The Carr home was on Birdcage Walk, (now Government Street) in the James Bay district of Victoria, a short distance from the legislative buildings (nicknamed the ‘Birdcages’) and the town itself.
Emily was taught in the Presbyterian tradition, with Sunday morning prayers and evening Bible readings.
Emily’s father encouraged her artistic inclinations, but it was only in 1891, after her parents’ deaths, that Carr pursued her art seriously.
Carr attended the San Francisco Art Institute for two years (1890–1892) before returning to Victoria.
In 1899 Carr traveled to London where she studied at the Westminster School of Art.
She traveled also to a rural art colony in St Ives, Cornwall, returning to British Columbia in 1905.
Carr took a teaching position in Vancouver at the ‘Ladies Art Club’ that she held for no longer than a month — she was unpopular amongst her students due to her rude behaviour of smoking and cursing at them in class, and the students began to boycott her class.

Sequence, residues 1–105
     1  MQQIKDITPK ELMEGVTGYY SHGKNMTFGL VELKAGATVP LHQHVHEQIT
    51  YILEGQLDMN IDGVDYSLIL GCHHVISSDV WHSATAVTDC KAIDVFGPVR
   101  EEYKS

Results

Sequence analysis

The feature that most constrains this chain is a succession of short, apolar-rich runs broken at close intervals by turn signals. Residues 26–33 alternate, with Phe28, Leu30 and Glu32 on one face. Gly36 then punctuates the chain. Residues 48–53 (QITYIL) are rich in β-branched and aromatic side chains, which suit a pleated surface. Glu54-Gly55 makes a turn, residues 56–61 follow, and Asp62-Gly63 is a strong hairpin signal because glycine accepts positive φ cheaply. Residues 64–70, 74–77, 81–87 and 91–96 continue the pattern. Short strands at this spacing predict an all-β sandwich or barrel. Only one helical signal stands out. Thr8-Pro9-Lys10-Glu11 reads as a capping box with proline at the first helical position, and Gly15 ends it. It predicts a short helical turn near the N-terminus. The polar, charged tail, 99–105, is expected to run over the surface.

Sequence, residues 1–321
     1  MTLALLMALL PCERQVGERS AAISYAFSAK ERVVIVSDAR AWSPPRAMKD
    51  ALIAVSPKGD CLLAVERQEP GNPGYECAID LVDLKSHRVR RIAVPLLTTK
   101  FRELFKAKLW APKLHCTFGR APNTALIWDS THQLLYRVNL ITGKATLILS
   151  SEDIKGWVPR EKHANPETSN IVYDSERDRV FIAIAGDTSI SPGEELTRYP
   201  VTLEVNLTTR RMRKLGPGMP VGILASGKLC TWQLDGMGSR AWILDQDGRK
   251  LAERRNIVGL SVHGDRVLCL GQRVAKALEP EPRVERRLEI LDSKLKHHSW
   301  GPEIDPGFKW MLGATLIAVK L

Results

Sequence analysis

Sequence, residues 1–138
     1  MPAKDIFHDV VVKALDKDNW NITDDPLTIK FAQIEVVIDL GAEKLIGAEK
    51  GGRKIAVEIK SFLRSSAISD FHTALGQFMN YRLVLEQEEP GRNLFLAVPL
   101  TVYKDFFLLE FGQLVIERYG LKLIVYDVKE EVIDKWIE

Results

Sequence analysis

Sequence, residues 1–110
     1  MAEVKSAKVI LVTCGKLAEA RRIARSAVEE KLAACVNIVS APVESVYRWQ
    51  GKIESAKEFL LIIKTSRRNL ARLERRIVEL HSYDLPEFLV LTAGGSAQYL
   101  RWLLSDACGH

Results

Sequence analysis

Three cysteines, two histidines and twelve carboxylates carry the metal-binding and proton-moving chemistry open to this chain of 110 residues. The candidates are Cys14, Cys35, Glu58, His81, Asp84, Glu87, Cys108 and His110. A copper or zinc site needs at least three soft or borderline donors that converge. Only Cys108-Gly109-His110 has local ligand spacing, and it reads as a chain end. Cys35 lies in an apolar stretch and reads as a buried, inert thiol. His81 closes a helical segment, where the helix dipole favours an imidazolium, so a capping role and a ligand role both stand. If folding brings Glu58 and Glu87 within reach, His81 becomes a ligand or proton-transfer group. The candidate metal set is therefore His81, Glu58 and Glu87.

In 1927 Carr herself traveled east, timing her journey so that she would be able to meet members of the Group of Seven, at that time Canada’s most recognized modern painters.
Lawren Harris of the Group became a particularly important support: “You are one of us,” he told Carr, welcoming her into the ranks of Canada’s leading modernists despite her own self-deprecating attitude.
The encounter changed the direction of Carr’s artistic life, reinvigorating her sense of purpose and ending her artistic isolation of the previous 15 years.
Group of Seven
Source: “Emily Carr”
Free encyclopedia Wikipedia
So you’re fascinated by the brooding yet energetic painter, aren’t you?
Yes, I am.
Did you find anything important at all?
Oh yes, she had never been married. This is the big difference between you and Emily.